(h/t @facsmiley)

Drew Peterson Ineffective Counsel Motion against Joel Brodsky

Tuesday, October 9, 2012

Mortgage payments following bankruptcy

A bankruptcy debtor can decide to surrender or keep their house in a Chapter 7 (assuming that the house has little or no equity and the trustee does not want to sell it for the benefit of creditors).  If the debtor decides to surrender, the lender will probably file a foreclosure and the debtor can walk away scot-free.  

If the debtor decides to keep the house, he basically has two options, only one of which is supported by the Code.  Technically, if a debtor wants to keep the house, he has to reaffirm the debt under Section 524.  Reaffirmation agreements are hardly advisable, however, because a debtor rarely will want to sign back on the line for hundreds of thousands of dollars to secure a house with little or no equity, especially since he just went through the time and expense to wipe out that very same liability.  

Practically speaking, there is another option.  A lot of debtors choose to "retain and pay" where they just keep making the payment even though their personal liability has been discharged.  The hope is that the lender will not want to foreclose as long as they are getting regular payments.  With this option, the debtor can still decide to walk away at any time in the future at no risk because he has not reaffirmed the debt.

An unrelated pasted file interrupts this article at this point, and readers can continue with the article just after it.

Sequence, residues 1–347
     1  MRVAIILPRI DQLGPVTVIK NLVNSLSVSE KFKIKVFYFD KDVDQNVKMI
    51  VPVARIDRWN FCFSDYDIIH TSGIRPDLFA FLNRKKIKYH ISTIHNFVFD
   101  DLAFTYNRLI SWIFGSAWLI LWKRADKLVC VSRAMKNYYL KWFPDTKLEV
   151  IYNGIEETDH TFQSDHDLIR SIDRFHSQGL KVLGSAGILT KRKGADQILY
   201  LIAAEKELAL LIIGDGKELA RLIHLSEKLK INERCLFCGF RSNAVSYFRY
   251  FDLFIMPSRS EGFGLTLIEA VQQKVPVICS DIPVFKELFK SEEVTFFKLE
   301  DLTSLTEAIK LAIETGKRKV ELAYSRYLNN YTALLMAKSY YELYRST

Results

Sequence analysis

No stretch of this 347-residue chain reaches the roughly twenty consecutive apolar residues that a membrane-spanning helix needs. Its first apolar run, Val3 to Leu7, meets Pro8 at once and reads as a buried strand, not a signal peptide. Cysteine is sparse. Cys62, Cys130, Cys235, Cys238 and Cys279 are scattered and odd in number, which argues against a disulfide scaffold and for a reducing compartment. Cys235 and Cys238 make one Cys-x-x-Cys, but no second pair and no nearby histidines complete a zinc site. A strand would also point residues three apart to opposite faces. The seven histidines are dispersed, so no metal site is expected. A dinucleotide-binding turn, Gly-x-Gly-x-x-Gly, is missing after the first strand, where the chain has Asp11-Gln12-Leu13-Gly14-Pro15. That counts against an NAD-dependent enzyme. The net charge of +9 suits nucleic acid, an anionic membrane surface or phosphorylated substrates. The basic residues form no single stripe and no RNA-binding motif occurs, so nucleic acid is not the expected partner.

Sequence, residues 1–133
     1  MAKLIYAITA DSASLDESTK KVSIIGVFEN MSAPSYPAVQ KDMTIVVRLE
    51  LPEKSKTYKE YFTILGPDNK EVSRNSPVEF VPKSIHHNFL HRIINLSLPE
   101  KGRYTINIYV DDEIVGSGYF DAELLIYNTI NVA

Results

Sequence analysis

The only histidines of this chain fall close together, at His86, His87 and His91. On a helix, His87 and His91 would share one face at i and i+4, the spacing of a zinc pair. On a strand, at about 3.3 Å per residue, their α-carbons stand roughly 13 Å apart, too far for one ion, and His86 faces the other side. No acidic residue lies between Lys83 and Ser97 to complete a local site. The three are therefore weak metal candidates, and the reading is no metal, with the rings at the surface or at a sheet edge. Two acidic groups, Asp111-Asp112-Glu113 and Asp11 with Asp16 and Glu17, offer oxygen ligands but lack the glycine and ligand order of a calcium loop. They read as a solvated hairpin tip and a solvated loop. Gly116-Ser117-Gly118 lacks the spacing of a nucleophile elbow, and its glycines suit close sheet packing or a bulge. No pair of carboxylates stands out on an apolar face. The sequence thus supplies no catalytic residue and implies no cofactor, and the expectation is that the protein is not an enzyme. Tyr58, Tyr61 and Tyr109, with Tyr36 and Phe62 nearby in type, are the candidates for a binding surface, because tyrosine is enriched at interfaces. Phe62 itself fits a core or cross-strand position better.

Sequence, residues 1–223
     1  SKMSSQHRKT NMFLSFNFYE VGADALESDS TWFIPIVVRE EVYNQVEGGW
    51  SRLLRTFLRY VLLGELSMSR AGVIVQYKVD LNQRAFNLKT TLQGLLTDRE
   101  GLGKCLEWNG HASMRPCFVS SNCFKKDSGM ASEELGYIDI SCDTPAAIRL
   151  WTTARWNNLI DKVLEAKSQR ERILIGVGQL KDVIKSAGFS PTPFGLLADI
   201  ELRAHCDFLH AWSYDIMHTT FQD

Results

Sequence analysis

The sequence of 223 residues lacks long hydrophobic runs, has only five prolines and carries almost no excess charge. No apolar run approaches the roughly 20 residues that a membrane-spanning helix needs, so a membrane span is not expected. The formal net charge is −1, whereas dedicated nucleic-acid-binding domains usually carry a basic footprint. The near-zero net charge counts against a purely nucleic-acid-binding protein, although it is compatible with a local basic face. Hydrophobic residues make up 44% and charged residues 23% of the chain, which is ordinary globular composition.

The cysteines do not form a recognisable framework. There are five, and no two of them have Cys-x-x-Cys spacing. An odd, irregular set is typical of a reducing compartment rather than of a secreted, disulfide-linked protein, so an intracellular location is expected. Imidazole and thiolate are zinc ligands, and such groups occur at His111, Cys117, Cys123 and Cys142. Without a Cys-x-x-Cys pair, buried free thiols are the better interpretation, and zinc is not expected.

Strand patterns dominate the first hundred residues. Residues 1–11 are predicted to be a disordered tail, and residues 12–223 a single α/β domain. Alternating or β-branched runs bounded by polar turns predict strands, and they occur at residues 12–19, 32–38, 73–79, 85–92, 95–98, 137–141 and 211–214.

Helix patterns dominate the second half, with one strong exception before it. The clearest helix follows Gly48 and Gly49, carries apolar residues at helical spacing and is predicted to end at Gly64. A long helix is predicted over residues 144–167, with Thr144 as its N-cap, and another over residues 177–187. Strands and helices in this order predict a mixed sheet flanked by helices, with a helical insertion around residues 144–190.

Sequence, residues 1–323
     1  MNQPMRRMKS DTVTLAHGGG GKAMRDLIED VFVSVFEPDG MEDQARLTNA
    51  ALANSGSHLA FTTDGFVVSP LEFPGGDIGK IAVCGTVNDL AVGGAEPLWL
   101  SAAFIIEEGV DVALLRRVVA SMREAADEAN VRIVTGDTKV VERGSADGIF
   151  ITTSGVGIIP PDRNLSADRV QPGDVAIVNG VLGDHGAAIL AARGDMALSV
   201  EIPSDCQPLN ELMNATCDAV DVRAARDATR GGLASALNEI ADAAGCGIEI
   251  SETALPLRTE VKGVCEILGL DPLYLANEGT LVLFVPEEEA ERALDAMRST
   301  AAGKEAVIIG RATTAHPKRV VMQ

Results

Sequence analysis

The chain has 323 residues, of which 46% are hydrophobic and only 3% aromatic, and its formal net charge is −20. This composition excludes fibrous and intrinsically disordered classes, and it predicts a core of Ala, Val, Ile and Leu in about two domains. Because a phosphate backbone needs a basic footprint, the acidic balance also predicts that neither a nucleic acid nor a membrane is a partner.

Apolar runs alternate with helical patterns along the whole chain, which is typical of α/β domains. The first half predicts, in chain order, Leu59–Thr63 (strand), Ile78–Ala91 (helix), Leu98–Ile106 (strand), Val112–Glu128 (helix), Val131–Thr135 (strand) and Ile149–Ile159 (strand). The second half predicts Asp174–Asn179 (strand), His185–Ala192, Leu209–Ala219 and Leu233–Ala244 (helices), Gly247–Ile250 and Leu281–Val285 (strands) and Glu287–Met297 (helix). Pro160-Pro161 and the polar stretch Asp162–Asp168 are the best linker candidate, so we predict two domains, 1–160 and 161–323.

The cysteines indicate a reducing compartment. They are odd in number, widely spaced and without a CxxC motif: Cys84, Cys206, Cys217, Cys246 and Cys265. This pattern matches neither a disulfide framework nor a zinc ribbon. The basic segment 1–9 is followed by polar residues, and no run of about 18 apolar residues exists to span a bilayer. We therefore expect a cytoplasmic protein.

The problem, however, is that mortgage lenders are not easy to deal with following a bankruptcy.  Most lenders will stop sending mortgage statements to the debtor.  They will also terminate any online access to the account that the debtor had set up.  I always thought that the lenders feared violating the discharge injunction because sending a statement could be viewed as an attempt to collect a discharge debt.

That is not possible, though, because Section 524(j) says that lenders can take steps in the normal course of business to seek or obtain periodic payments in lieu of in rem relief to enforce their lien.  In plain English, they can still send statements if they want to collect payments instead of filing foreclosure.  Now, I guess that the reason they are difficult to deal with is that they want to force the debtors to reaffirm.  

Monday, October 8, 2012


Saturday, October 13, 2012

Tailgate Party with the Dean
11 a.m. - 2 p.m.
NIU Law Tent - Alumni Village (Near Huskie Stadium)
Join NIU Law alumni, faculty, staff and students at our Homecoming Tailgate Party. We will have a tent in Alumni Village just off Annie Glidden Road and Stadium Drive with FREE food and drinks.

Buffalo vs. NIU
Kick Off: 2:30 p.m.
Purchase tickets in the NIU College of Law section for $8 each. Tickets are limited and available on a first-come basis.


Please help us plan accordingly. To RSVP for tailgating and/or purchase football tickets, contact Melody Mitchell at or (815) 753-9655.